What persuades an investor to write a check for an entrepreneur’s raw idea? We spoke with active angel investors and venture capitalists, as well as scouring the Web, to compile a list of some of the best startup pitches ever.
From those, we learned a few things to keep in mind if you want to make a great pitch.
- If you don’t grab people within the first minute, they’re going to start checking their email.
- Tell the story through the problem. It needs to be a story about problems and solutions.
- Have a concrete business plan and drive home how you’re going to make money.
- Know your material, and keep the energy up.
- When pitching directly to an investor, make sure you say what you’re going to do with the money.
- Finish strongly and sum up why someone should invest in the company.
Company: That's Suspicious behaviour
Founders: Brigette Kidd, Danielle Evenson, Scott Volk
Product: Mobile app to report suspicious behaviour and activity in your area
Why it's a great pitch: First, Kidd engages the audience by taking a show of hands to see who actually uses neighbourhood watch. Hardly anyone raised their hands.
Next, she immediately gets right into the pain point. She mentions that within four weeks in a three-block radius, five women reported five separate incidents of a creepy person exposing himself outside their windows. Authorities knew but the victims didn't know.
That's when she shows her solution, the That's Suspicious behaviour mobile app. But it also helped to have some humour. While walking the audience through the app, Kidd points out that you can also hit the 'Red pin (for) aggressive begging, which is appropriate for today.'
Where That's Suspicious behaviour is now: The company won Best Presentation at the Launch Festival and secured a $50,000 investment pledge from MailChimp, an email-newsletter company that sponsored the conference.
Product: Mobile app for connecting people on the go
Founders: Alok Deshpande, Sam Altman, Nick Sivo
Why it's a great pitch: After a brief intro of the product, Altman brings up the pain point. He says it's amazing how often you're at a restaurant a couple of blocks away from a friend or in an airport with a friend, and don't know about it.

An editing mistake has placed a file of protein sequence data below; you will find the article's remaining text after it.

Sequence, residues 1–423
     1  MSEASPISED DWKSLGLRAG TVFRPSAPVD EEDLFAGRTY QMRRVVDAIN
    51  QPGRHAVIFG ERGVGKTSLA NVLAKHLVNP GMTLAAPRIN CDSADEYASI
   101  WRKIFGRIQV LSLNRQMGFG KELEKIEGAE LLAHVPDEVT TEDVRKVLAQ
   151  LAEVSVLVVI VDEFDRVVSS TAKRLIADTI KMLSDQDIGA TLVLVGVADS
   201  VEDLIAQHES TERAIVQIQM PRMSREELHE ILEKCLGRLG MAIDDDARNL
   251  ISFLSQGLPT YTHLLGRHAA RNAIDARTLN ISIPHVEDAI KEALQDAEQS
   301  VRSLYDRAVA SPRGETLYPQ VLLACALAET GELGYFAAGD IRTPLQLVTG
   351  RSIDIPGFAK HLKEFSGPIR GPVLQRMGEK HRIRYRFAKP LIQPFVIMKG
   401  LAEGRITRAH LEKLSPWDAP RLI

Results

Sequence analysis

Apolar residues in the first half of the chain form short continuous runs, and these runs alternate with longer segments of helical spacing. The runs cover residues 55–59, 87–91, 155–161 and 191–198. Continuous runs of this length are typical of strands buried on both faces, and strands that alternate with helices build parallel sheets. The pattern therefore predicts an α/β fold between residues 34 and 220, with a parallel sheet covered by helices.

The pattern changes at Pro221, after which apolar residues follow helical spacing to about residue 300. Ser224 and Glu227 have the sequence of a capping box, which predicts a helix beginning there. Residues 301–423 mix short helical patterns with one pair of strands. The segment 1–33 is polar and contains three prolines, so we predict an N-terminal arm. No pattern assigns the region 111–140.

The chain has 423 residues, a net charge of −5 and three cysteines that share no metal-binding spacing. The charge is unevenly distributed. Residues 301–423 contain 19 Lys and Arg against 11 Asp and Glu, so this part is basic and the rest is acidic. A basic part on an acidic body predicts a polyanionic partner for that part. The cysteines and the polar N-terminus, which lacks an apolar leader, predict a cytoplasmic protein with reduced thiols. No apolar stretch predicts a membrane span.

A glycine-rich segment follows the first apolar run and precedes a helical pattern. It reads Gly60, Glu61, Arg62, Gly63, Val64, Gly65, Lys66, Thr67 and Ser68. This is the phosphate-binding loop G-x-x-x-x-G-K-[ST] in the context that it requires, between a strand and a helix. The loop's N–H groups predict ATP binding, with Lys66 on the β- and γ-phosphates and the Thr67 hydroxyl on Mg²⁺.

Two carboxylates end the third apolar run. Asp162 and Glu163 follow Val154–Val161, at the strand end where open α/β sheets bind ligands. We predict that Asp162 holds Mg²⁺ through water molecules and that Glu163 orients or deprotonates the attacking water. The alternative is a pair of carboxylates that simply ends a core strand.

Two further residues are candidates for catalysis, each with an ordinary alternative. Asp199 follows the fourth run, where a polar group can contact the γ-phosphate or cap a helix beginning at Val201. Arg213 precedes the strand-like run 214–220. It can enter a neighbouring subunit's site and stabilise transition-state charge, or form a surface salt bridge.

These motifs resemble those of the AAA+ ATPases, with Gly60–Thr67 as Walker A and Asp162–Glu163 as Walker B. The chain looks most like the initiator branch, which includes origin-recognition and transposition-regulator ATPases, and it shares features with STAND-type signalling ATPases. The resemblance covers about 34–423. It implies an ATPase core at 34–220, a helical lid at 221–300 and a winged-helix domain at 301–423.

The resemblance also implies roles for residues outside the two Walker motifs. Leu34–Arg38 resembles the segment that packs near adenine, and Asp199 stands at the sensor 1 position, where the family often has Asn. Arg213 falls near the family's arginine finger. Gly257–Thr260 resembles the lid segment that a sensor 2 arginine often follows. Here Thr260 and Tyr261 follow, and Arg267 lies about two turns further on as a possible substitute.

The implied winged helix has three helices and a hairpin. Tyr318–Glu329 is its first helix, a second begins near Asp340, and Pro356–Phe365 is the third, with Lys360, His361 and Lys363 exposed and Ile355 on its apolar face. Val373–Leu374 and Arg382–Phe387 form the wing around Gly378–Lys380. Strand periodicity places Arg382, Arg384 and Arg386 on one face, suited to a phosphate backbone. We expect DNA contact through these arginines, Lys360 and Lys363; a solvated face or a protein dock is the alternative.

Then he goes back into the product to show how Loopt's new iPhone app solves that issue. It's not your typical pitch to a VC but it's short, concise, and to the point.
Where Loopt is now: Green Dot Corporation acquired Loopt earlier this year for $43 million. Before the acquisition, Loopt had raised $32 million from investors like Y Combinator, New Enterprise Associates, and Sequoia Capital.
Product: Pay-per-action phone calls advertising business that manages and summarizes relevant phone calls
Founders: Howard Lerman, Brian Distelburger, Brent Metz
Why it's a great pitch: Lerman immediately presents the problem, which is that local businesses want phone calls and not clicks. But if you charge on a pay-per-call basis, businesses end up paying for irrelevant calls.
Lerman then shows how Yext plans to solve that issue. He uses an example of Frank's auto-repair in Alaska, and walks the audience through how Frank can customise his profile to receive relevant calls.
He then asks the audience, what kind of car he should call Frank about and actually does a live call. After waiting a couple of minutes, he demonstrates how the call information successfully ends up in Frank's inbox.
Lerman's presentation is the perfect example of show, not tell.
Where Yext is now: Since debuting at TechCrunch 50 in 2009, Yext has developed an entirely new product for local businesses called PowerListings for managing their listings across sites like Yelp, SuperPages, Citysearch, and others. PowerListings is now used by more than 50,000 paying locations.
To date, Yext has raised $65.8 million from investors including Institutional Venture Partners, SV Angel, and CrunchFund. It is currently valued at around $200 million.
Product: Web and mobile-based peer-to-peer lending technology for raising capital
Founder: Candace Suzanne Klein